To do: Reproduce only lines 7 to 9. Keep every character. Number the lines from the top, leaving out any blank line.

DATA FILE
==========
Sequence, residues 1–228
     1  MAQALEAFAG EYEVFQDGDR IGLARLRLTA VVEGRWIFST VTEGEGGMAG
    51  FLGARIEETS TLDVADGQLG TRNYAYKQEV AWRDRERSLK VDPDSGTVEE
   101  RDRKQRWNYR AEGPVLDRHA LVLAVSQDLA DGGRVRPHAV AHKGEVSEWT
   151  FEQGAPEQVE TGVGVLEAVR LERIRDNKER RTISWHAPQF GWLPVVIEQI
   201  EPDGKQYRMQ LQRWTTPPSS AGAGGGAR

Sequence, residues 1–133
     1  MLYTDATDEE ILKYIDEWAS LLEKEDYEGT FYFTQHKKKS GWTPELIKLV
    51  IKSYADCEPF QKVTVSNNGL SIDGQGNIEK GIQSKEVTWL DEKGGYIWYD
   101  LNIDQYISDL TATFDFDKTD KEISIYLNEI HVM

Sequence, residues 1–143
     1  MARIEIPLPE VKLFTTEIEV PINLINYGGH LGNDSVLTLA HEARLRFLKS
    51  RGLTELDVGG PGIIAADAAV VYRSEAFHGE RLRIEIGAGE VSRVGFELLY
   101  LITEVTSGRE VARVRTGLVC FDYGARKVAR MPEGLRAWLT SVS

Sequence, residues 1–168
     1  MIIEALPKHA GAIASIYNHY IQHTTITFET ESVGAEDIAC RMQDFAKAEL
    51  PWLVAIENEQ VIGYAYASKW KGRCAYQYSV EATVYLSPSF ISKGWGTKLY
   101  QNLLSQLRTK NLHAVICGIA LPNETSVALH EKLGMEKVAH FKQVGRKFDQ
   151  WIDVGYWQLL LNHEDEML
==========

Sequence, residues 1–133
     1  MLYTDATDEE ILKYIDEWAS LLEKEDYEGT FYFTQHKKKS GWTPELIKLV
    51  IKSYADCEPF QKVTVSNNGL SIDGQGNIEK GIQSKEVTWL DEKGGYIWYD